Interview with Subject Matter Expert Ed Hayes: Discussing the Value of Lean Six Sigma Certification

Interview with Subject Matter Expert Ed Hayes: Discussing the Value of Lean Six Sigma Certification

By Discovery Lean Six Sigma

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You’ve probably seen advertisements for Lean Six Sigma certification. Maybe you’ve thought about enrolling. You might’ve even clicked on a few ads. But you haven’t moved forward. You haven’t registered for any classes, because really…

What is a Lean Six Sigma certification worth?

For that matter, what is the value of any certification?

It depends, of course. What type of certification is it? Who was the instructor? Was it being delivered by a university? How invested were you in the curriculum?

All of those questions are important, but the actual value of a certification is a lot simpler to discern. You need to ask only one question…

What will I do with the certification once I’ve acquired it?

Value of Lean Six Sigma

A useful certification taught by a world-class expert isn’t worth anything if it doesn’t change the way you approach your work. But when it does, the results can be transformative.

That was the case for Ed Hayes, CLSSBB, MBA – a legal staff professional with more than 35 years of experience working at Hunton Andrews Kurth LLP. Back in 2008, when the financial crisis rocked the United States, Hayes had a stark realization: despite nearly three decades of legal industry experience, he was vulnerable. He needed to acquire knowledge and new skills.

“I was looking to improve my skills in the area of Business Process Management,” he said. “Those BPM studies led me to Lean Six Sigma, which I found so very interesting and fascinating.”

Lean Six Sigma might sound like a peculiar pursuit for a legal staff professional. After all, Hayes doesn’t work in manufacturing, and – according to critics – the Six Sigma heyday ended a decade ago. So why pursue something that was so inherently ‘worthless?’

“Having worked in a non-manufacturing industry my entire career,” he said, “I clearly see how the application of Lean Six Sigma tools would foster efficiency and process improvement. The critics either don’t understand Lean Six Sigma or are not looking hard enough for opportunities outside of manufacturing.”

How did he respond to those critics?

“I find this criticism as missing the overarching value of Lean Six Sigma. I invite the critics to spend a day with me and I can show them how Lean Six Sigma tools and concepts would foster efficiency and process improvement.”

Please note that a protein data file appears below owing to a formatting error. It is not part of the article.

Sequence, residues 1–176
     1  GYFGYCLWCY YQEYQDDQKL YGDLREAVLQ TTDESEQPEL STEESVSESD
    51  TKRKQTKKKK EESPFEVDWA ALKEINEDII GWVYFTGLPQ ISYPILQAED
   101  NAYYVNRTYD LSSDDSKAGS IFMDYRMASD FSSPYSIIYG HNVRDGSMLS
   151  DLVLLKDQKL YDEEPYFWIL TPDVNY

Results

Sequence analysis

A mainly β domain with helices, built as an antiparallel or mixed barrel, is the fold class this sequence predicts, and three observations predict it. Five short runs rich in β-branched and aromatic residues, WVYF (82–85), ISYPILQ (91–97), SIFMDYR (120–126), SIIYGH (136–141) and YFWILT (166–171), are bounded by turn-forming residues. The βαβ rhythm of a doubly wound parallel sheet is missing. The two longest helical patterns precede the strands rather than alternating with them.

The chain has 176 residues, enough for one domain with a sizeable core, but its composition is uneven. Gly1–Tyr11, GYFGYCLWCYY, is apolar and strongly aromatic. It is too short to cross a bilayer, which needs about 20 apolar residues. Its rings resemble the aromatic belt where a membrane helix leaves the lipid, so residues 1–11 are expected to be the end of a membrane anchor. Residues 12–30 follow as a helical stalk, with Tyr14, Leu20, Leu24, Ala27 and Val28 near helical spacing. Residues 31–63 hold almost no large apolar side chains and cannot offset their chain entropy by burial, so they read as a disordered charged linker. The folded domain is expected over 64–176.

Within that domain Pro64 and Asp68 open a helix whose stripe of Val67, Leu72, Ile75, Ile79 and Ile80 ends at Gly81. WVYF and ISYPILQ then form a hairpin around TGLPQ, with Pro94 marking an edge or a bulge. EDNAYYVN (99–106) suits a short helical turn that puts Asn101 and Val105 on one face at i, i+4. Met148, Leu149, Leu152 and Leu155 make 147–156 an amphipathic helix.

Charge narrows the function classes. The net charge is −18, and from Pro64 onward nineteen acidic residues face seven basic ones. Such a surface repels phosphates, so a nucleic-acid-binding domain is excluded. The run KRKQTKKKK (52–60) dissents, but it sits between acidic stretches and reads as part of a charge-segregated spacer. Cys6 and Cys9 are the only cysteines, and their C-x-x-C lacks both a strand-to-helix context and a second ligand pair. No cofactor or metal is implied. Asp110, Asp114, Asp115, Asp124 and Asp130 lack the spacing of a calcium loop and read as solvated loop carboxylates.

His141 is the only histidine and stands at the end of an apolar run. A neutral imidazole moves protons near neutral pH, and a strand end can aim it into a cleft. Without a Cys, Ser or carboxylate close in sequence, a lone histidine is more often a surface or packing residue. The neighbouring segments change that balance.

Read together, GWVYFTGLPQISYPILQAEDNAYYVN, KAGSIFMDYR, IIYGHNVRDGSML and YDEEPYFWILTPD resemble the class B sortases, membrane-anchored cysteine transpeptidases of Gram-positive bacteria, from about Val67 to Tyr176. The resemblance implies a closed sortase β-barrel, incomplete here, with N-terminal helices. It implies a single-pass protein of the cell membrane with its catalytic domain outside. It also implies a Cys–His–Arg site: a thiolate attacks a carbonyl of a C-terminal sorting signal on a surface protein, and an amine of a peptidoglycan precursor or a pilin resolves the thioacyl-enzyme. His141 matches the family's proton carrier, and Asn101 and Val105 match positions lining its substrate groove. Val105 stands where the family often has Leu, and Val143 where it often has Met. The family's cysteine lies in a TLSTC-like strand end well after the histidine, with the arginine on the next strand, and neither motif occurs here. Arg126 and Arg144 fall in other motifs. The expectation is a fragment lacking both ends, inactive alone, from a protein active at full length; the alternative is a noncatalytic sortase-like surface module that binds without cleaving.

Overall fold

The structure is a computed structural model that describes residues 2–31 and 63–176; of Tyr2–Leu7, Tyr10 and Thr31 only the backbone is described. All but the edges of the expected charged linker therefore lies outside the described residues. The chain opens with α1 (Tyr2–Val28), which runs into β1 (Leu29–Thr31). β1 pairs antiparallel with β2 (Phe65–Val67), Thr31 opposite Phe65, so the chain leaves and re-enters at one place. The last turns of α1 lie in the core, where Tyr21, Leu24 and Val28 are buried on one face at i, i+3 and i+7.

Let’s say a critic did spend a day with Hayes. What would they see? What change has he helped create at his law firm?

Lean Six Sigma and Law Firms

“We have been able to apply Lean Six Sigma tools and concepts in the realm of process mapping,” Hayes said. “It is quite exciting to see how others recognize the value and embrace process maps, SIPOC diagrams and other tools and concepts. We can accomplish so much and make things more streamlined by using these tools.”

Process mapping is a tried and true tool for any organization that is Lean Six Sigma friendly and seeking process improvement. If you’re unfamiliar with the technique, process mapping is exactly what it sounds like – you literally draw a map of a process onto a sheet of paper or a whiteboard. Identify every single step of a process, put the steps in the proper order, review the steps and remove anything that’s unnecessary.

It’s a simple, but staggeringly powerful visual management tool. And it’s just one piece of a much larger, much more effective process improvement puzzle.

Enjoying this article? You may also like: Interview with a Six Sigma Black Belt

Certifications Worthy of Your Time

“I truly believe that Lean Six Sigma, project management and business process management comprise a powerful triad of knowledge,” Hayes continued. “That triad, coupled with change management tools and concepts, are [good] bodies of knowledge for organizations to have in these highly competitive and ever-changing times.”

Which of these ‘bodies of knowledge’ does Hayes prefer – Lean, Six Sigma, project management, change management, BPM or something else entirely?

“[They all] really fall under the much larger umbrella of continuous process improvement. I find myself getting frustrated with social discussions involving the debate among Lean, Six Sigma or Lean Six Sigma. I maintain that it does not matter; actually, we should use them all. They all work in the efforts toward continuous process improvement.”

The key phrase is, ‘we should use them all.’ Get results. Create change.

And a good certification – a useful certification – will inspire you to action. Just look at Ed Hayes. He earned a Lean Six Sigma Black Belt certification as well as a Certified Change Management Practitioner credential, and immediately put them into action. His knowledge and experience with Lean Six Sigma and process improvement has absolutely transformed the way that he works and views everyday problems.

“Lean Six Sigma will open up your mind to a new way of solving problems and bringing about improvement,” he said. “It has opened up opportunities to me that I had never considered… [and I] wish I had studied it years sooner.”

The post Interview with Subject Matter Expert Ed Hayes: Discussing the Value of Lean Six Sigma Certification appeared first on Six Sigma Daily.

By: James LoPresti
Posted: July 3, 2018, 11:00 am

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